see those dots on the horizon there ?
in Antarctica , Sunday, January 01, 2017
At the end of November, we set off on a 10 day "expedition cruise" operated by Oceanwide Expeditions
, branded as "Search for the Emperor Penguin". The cruise, aboard the M/V Ortelius, was to head into the northernmost region of the Weddell Sea, and hopefully reach Snow Hill Island, where a number of Emperor penguin colonies had been discovered some years previously. Snow Hill Island is actually well out of what was usually understood as the range of the Emperor, being well North of the Antarctic Circle. The colony had been reached twice before by tourist operations, several times by the icebreaker Kapitan Khlebnikov chartered by Quark Expeditions, and once by Ortelius itself in 2013. Ortelius is quite an unusual Antarctic cruise ship in that it has a helideck and hangar, and enough space for 2 to 3 helicopters. In this case, 2 were carried. The ideal situation would be that the ship would be able to get close enough to Snow Hill island to be able to use the helicopters to ferry passengers to a location on the sea ice at least 2km distant from the colonies, from where they would be reached on foot. This is a pretty ambitious plan - with a lot to go wrong. It appeared than a significant proportion of the passengers did not really realise quite how ambitious it actually was, and how low the chances of success were.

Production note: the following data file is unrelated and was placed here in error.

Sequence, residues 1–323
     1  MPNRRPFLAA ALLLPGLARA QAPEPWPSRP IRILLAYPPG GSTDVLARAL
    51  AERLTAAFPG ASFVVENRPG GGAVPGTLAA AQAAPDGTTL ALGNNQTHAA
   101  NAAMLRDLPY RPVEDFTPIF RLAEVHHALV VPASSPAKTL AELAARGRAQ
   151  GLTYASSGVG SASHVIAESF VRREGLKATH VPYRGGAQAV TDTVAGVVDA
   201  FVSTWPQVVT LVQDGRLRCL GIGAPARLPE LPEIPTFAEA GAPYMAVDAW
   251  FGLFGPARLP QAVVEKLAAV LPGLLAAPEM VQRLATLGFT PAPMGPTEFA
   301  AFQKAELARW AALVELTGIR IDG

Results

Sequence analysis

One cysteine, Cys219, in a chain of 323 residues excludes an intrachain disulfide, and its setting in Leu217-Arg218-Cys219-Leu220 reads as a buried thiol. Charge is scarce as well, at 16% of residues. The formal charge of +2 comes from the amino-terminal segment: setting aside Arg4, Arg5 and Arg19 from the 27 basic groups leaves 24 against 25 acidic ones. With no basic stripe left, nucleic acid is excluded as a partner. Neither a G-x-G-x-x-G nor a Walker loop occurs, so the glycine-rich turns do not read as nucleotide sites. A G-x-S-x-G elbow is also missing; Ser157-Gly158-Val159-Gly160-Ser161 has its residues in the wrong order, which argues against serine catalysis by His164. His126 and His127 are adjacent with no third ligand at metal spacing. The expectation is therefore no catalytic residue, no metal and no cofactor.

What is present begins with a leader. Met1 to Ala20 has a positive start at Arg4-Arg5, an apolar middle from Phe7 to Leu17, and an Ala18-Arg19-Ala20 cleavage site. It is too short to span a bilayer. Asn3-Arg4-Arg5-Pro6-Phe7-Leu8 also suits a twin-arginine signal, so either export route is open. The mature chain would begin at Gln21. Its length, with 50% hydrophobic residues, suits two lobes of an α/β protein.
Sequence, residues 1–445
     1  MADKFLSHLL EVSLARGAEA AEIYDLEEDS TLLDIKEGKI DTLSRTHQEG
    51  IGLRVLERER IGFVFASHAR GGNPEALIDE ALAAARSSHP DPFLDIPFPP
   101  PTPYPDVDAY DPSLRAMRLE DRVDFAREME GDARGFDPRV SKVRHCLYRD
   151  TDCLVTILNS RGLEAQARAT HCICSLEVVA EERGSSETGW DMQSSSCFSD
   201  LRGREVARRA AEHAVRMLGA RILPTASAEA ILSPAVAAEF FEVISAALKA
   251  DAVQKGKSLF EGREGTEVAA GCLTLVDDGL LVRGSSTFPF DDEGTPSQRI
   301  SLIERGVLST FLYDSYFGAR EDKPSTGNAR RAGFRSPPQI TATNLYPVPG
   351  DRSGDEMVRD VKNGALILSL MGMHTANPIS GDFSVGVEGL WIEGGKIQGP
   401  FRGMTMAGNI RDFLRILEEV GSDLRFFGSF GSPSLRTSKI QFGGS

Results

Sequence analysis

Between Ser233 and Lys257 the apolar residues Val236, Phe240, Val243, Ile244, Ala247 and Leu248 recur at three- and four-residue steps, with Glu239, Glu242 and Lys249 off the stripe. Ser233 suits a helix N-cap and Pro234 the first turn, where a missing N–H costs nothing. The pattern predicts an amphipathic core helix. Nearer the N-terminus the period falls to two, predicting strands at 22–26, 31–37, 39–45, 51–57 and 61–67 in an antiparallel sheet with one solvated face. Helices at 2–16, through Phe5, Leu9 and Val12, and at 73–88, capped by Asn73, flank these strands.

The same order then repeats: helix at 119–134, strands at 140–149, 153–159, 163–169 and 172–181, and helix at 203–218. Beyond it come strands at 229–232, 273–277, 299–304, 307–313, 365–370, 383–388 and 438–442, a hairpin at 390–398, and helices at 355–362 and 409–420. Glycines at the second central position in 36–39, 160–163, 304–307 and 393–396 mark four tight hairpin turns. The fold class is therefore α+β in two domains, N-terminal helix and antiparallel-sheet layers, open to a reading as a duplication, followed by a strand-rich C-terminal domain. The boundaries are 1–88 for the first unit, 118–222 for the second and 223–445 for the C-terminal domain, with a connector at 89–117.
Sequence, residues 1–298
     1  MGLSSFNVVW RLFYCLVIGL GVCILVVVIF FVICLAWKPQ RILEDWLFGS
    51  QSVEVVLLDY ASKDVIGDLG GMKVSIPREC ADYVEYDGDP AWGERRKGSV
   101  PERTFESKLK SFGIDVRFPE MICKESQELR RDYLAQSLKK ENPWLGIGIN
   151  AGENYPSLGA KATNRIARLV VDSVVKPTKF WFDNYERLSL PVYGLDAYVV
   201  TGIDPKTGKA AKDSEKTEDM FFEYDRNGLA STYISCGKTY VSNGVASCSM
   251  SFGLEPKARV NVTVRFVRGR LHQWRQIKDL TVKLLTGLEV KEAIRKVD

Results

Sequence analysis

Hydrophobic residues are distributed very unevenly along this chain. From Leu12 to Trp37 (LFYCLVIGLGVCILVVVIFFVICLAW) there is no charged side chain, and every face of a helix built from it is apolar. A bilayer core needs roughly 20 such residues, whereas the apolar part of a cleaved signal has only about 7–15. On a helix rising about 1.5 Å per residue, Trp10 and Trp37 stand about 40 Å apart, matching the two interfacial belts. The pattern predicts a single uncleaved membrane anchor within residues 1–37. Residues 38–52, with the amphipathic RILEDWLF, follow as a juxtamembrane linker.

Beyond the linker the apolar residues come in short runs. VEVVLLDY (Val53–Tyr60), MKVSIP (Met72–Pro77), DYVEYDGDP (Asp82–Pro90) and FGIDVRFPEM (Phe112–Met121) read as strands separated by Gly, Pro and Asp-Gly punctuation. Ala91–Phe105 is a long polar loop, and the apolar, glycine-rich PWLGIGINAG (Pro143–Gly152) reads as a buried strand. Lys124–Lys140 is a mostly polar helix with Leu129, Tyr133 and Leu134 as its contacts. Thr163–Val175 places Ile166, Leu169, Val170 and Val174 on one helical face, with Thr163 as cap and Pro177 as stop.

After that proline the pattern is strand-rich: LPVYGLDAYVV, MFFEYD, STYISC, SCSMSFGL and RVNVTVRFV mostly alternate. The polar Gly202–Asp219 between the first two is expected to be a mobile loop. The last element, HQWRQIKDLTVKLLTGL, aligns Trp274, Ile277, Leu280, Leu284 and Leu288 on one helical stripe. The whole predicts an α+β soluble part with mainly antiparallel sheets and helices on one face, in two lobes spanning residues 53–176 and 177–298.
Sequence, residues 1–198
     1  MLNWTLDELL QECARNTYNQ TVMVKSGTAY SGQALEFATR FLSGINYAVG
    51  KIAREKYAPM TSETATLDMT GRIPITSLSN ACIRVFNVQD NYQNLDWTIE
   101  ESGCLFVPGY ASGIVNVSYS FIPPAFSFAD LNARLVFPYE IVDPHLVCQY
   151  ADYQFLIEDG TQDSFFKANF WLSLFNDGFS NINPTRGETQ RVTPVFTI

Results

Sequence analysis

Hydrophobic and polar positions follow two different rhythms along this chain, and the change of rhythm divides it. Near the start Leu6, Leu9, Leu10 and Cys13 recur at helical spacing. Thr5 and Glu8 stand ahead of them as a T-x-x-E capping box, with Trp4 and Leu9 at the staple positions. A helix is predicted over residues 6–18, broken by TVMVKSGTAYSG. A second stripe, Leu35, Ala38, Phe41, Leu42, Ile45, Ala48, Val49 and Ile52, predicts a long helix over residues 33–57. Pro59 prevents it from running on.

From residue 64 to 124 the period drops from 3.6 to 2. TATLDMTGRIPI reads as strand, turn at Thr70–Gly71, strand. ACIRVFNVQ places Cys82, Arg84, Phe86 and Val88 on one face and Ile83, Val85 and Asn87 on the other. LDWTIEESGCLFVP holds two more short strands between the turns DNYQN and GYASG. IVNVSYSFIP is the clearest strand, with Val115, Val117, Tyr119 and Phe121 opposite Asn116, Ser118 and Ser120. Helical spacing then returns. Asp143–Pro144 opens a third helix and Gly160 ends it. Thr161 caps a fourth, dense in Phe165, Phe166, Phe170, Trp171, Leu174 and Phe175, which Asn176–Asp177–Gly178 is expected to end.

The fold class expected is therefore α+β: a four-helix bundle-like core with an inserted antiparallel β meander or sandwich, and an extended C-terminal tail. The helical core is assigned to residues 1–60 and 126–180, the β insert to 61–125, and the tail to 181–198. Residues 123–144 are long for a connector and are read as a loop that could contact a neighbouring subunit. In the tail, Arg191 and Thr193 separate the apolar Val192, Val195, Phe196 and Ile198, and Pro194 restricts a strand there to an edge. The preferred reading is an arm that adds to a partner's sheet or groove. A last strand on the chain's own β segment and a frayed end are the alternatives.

In order to succeed, the following ducks needed to be in a neat row:
- ship able to reach within approx 40km of the landing target
- adequate visibility for safe helicopter operation
- low enough windspeed for safe helicopter operation
- calm sea conditions
- penguin colonies actually there
- sea ice conditions suitable for safe travel by complete amateurs
In the past years, very few of the conditions had been met. Up until 2016 Oceanwide had 4 attempts at carrying this through, with a success rate of just 1 actual landing (if I understand correctly). This time round, absolutely everything worked out fine ... except for the last point. The Ortelius encountered open water for almost all of Admiralty Sound, but the remaining sea ice, where the colonies are located, turned out to be in very poor state. In several areas there were surface pools, along with areas which looked recently refrozen, and there were many rifts and cracks. A little to the south there was open water into the Weddell Sea, as far as the eye could see. Possibly it might have been feasible for experienced sea ice travellers to make a safe traverse, but no way could 110 blundering tourists be unloaded. Furthermore the helicopter crews did not feel that the ice would reliably support the weight of a helicopter.
M/V Ortelius up against the sea ice west of Snow Hill island, with Lockyer Island in the background.